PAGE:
Waldo said the service is exceeding sales projections, with more than 5,700 customers having signed up since the launch last fall.
While the company said it's made significant strides since taking over in 2010, state Consumer Advocate Division director Byron Harris said there's still more to be done.
Harris said a key reason for Frontier's improvement statistics is the fact that Verizon gave its successor much to improve upon.
"Because Verizon did such a poor job, (Frontier has) shown great improvement - but it's improvement from a lousy level," he said. "It's still not what we'd expect from a telephone company."
Harris called Verizon a "duct tape company" that only focused on patching problems and not investing in the network.
"They were all about doing band-aid fixes and not spending any money," he said. "Now Frontier, to their credit, when they fix stuff, they fix it."
Waldo said Frontier did have to spend a great deal of money to properly fix some of Verizon's temporary solutions.
"When we acquired property, you could drive down roads and see what looked like garbage bags on the lines," Waldo said. "And those were just that - garbage bags.
"What they were trying to do was trying to keep the water out of the equipment instead of doing the right thing and putting in the weatherproof enclosures," he said.
Although Frontier has invested more than $300 million in the last three years, West Virginia on the whole still has a long way to go before it is on par with other states in terms of broadband access and use.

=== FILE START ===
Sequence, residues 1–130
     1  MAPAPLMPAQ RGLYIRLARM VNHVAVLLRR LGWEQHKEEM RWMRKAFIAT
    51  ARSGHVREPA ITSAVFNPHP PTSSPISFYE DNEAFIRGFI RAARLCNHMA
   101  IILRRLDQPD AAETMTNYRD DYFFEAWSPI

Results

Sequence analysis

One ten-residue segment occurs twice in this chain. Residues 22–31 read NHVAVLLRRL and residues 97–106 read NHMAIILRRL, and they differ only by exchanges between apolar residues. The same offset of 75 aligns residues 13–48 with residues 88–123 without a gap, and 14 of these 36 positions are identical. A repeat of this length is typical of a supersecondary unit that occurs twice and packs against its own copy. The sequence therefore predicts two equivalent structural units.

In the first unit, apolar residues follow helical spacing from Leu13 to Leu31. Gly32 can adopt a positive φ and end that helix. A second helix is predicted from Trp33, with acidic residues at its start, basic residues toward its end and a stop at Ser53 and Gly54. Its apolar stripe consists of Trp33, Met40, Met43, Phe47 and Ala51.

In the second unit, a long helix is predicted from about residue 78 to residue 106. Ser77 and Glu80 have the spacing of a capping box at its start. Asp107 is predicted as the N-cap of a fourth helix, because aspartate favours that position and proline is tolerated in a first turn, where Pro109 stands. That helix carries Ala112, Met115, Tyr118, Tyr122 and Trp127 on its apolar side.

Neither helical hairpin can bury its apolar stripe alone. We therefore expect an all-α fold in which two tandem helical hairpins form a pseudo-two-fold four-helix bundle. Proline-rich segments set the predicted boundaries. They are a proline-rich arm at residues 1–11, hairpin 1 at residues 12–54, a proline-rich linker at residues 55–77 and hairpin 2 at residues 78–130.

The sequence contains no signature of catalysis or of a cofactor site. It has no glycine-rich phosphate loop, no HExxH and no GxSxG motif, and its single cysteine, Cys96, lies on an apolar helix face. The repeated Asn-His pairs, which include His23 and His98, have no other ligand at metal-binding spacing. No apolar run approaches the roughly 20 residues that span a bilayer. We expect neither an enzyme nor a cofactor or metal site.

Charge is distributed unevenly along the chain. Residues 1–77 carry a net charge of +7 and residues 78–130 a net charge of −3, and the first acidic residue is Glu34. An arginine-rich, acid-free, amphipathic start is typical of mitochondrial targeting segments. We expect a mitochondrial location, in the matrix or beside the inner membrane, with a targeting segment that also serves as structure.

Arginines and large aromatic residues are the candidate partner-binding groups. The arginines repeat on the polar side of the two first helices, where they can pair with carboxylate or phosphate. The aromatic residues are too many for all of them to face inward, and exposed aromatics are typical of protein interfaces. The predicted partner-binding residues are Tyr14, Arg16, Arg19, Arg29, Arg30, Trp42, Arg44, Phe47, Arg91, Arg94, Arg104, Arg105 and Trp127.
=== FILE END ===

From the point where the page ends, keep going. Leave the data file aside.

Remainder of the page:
According to the National Telecommunications and Information Administration, West Virginia ranks 49th for broadband availability; only Montana has a lower rate.
Residents are also slow to adopt the technology.
A report released last week by the same agency found only 59.1 percent of state households subscribe to broadband service.
It also found that more than one-third - 35.4 percent - did not even own a computer. Only Mississippi had a higher percentage of households that did not own a computer.
The gap between the state's broadband access and adoption rates provides a hurdle for investment in the technology.
Waldo said Frontier has been very disciplined in its investments over the years in order to make sure it can adequately pay for its improvements. The company expects to continue that approach in the future.
"Our expenditures going forward are going to match our ability to not only finance the expansion but also attract the customers," Waldo said. "That's the catch: the adoption. You've got to think beyond just building a network, you've got to have subscribers to pay for it as well."
Waldo said industry officials have identified three barriers that keep people from adopting broadband technology: inability to operate a computer, lack of perceived value in the Internet and the price of broadband.
Waldo said Frontier has been working with several community-based organizations across the state to educate people about computers and the Internet. He also said the company would continue to take advantage of public funds to help expand access in an affordable manner.
"We're taking a look at every opportunity to expand broadband so that West Virginia will have access to broadband at percentages that are as high as anywhere else in the country," Waldo said. "That's really our goal."
Contact writer Jared Hunt at busin...@dailymail.com or 304-348-4836.